Tony’s Seafood (Cedar Key, FL)

Tony’s Seafood (Cedar Key, FL)

Chef Eric, Tony’s founder and owner, opened the doors in June 2005.  His 54-seat establishment, featuring fresh gulf seafood, is located 3 miles out into the Gulf of Mexico, in Cedar Key’s historic downtown.

A mere month after opening, Tony’s introduced its, now famous, clam chowder.  The award winning chowder recipe, along with a variety other new dishes, was created on-site in Tony’s small kitchen.  Chef Eric lived in New England for over a decade in the ’80s.  So he was familiar with the many recipes available in the region.  That experience, combined with his own culinary talent, produced, in only 30 days, a clam chowder recipe which achieved worldwide notoriety in masters competitions.  Everyone from occasional customers to Bon Appetite Magazine have asked for the recipe.  All have been, politely, refused

 As the chowder’s popularity grew, and word spread, customers began asking for larger size take home containers.  Some suggested that it should be entered in the Great Chowder Cook-off, held each summer in Newport, Rhode Island.  Seeing the opportunity for expansion, in 2008 Tony’s launched a website for online sales, and created a fully functional concession trailer to attend events across Florida.  The 2008 expansion soon drew the attention of the media, which in turn reached a far wider audience.  As a result, later that year, Tony’s received an invitation to compete in the upcoming Great Chowder Cook-off.

On June 6th, 2009 (D-Day) Tony’s Cedar Key Clam Chowder claimed the title “Clam Chowder World Champion” in the 28th annual event.  Tony’s went on to claim the title again in 2010 & 2011.  Having won the championship in 3 consecutive years, the now world famous, 3 time champion, chowder was retired into the Great Chowder Cook-off Hall of Fame. 

The Ride

It was perfect weather for a hot bowl of clam chowder as our small group left their homes for the meetup.  With the temperature in the high 30s, most of our group had opted to wait for warmer days.  However, those who stayed home really missed out on a beautiful day and ride.  It eventually got up to 50° with sunny skies.  Most, if not all, of us were shedding layers for the ride home.

Since the days are still a bit short, and our destination was 155 miles southwest, for me at least, our chosen route was nothing exotic.  It only included about 25 miles of interstate.  The rest was fairly straight, higher speed, back roads.  We started out by heading west on I-10 to Sanderson.  There we turned south on SR-121, through Lake Butler and on to Worthington Springs.  Just south of town we split off on CR-239 to Alachua.  We picked up 235 northeast of town and continued on that, through Alachua and on southeast to Newberry, where we stopped to meet the 5th and final member of our group.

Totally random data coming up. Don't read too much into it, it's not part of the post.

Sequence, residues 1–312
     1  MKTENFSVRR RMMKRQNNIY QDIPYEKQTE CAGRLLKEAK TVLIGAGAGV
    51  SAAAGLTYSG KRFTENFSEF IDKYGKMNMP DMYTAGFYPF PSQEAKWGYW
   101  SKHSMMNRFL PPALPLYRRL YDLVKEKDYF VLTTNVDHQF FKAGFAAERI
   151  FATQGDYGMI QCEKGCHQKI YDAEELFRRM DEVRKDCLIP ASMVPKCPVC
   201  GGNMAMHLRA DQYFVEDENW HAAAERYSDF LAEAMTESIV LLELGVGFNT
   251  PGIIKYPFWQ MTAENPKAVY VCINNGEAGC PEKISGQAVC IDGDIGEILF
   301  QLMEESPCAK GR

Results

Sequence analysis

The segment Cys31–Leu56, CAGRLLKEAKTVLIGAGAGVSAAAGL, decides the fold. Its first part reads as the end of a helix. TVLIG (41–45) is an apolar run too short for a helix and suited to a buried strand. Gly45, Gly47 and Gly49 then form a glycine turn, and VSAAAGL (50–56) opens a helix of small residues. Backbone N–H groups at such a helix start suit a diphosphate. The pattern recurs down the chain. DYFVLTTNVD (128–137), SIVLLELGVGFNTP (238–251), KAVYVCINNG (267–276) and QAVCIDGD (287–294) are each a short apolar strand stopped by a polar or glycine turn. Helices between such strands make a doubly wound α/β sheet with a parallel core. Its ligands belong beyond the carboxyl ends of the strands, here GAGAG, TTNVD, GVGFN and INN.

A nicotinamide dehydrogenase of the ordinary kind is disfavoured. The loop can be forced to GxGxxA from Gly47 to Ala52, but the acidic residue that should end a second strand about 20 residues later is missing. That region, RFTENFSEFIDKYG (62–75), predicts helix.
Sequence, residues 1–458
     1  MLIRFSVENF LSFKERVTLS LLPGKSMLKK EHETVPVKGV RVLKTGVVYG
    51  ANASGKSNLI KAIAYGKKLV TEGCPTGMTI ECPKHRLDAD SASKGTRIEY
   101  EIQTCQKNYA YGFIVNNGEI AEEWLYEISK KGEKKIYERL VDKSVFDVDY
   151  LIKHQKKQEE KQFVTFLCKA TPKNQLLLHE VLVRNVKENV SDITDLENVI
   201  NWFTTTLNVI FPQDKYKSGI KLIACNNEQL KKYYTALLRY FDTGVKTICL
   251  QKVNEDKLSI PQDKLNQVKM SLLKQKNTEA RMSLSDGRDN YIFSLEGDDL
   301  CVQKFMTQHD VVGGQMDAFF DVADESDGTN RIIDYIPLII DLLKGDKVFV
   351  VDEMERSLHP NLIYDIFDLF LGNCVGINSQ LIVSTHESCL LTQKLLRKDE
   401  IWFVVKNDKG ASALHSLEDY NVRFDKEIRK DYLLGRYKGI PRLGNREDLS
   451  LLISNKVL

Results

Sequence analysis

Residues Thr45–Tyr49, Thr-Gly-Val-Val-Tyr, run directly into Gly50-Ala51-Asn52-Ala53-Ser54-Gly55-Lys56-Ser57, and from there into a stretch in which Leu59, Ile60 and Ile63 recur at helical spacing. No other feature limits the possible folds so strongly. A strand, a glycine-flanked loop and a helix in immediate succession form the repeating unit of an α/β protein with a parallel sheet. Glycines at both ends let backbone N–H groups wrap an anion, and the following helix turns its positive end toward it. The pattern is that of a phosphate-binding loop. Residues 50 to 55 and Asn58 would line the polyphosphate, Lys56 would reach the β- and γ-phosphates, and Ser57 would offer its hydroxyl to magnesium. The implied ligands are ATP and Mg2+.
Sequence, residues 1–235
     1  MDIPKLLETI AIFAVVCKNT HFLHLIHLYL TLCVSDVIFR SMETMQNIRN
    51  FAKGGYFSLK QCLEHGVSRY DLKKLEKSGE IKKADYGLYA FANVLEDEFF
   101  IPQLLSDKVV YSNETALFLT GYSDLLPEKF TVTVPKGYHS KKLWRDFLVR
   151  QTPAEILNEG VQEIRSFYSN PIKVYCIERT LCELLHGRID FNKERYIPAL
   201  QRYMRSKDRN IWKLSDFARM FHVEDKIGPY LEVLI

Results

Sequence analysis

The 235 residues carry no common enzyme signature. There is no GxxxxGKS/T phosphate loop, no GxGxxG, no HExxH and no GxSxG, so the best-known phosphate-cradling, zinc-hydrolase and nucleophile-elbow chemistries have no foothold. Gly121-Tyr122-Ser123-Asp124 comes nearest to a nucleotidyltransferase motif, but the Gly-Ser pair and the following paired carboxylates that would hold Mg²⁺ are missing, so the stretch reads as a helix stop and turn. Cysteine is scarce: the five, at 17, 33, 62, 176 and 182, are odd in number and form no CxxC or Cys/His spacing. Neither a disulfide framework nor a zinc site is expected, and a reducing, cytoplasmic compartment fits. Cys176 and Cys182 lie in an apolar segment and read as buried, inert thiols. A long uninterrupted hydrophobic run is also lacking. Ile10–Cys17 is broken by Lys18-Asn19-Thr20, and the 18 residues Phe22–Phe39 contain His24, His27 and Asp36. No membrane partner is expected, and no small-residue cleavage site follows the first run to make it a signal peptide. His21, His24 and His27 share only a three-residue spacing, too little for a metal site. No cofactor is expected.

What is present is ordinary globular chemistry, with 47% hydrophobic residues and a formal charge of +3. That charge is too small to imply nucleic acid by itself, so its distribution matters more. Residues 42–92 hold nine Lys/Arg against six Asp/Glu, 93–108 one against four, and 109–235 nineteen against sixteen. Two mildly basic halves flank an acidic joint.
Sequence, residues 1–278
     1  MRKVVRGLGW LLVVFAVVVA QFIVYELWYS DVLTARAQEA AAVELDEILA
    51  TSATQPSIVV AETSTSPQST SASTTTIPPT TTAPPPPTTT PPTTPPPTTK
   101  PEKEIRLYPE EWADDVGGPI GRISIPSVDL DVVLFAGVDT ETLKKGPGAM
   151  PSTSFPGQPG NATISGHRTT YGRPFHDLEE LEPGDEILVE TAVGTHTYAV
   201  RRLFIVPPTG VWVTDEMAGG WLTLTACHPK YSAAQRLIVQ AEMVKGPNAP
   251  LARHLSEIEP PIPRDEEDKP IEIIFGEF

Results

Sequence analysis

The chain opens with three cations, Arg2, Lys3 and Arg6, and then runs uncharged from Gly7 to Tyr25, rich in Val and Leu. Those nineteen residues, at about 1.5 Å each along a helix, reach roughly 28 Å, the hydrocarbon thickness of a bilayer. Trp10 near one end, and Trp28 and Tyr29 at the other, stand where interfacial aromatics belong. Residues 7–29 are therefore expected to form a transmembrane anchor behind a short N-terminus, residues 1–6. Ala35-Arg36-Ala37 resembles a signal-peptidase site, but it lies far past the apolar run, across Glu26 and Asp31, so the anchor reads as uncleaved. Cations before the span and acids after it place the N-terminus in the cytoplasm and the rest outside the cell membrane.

Mike T. had bought a new bike, new for him that is, since our last ride together.  A 2015 Street Glide CVO, purchased to replace his 2007 Deuce.  Our stop in Newberry was the first opportunity for the rest of us had to see the CVO.  The design in general, the excellent balance of chrome & color, and special details like shadowed flames all come together to make this bike a particularly beautiful ride.  After 15 minutes or so admiring the addition to Mike’s collection, we continued on our way.

Heading south out of Newberry, it wasn’t long before we were in Bronson.  There we connected with SR-24, which would take us southeast and directly into the center of Cedar Key and our destination.

Cedar Key

Cedar Key is a city in Levy County, Florida. The population was 702 at the 2010 census.  The Cedar Keys are a cluster of islands near the mainland. Most of the developed area of the city has been on Way Key since the end of the 19th century. The Cedar Keys are named for the eastern red cedar, once abundant in the area.  The old-fashioned fishing village is now a tourist center with several regionally famous seafood restaurants. The village holds two festivals a year, the Spring Sidewalk Art Festival and the Fall Seafood Festival, that each attract thousands of visitors to the area.

While evidence suggests human occupation as far back as 500 BC, the first maps of the area date to 1542, when it was labeled “Las Islas Sabines” by a Spanish cartographer.  An archaeological dig at Shell Mound, 9 miles north of Cedar Key, found artifacts dating back to 500 BC in the top 10 feet of the 28-foot-tall mound. The only ancient burial found in Cedar Key was a 2,000-year-old skeleton found in 1999.  Arrow heads and spear points dating from the Paleo period (12,000 years old) were collected by Cedar Key historian St. Clair Whitman and are displayed at the Cedar Key Museum State Park.


Eddie, Moto17Jax organizer and ride leader, produced a video of our ride.  He graciously allows me to include them in my posts.



Route Map

GPS Files

Click the link below to download a zip file which contains the route for this ride in 4 formats (gpx, gdb, kml, csv)

Tony’s Seafood GPS Files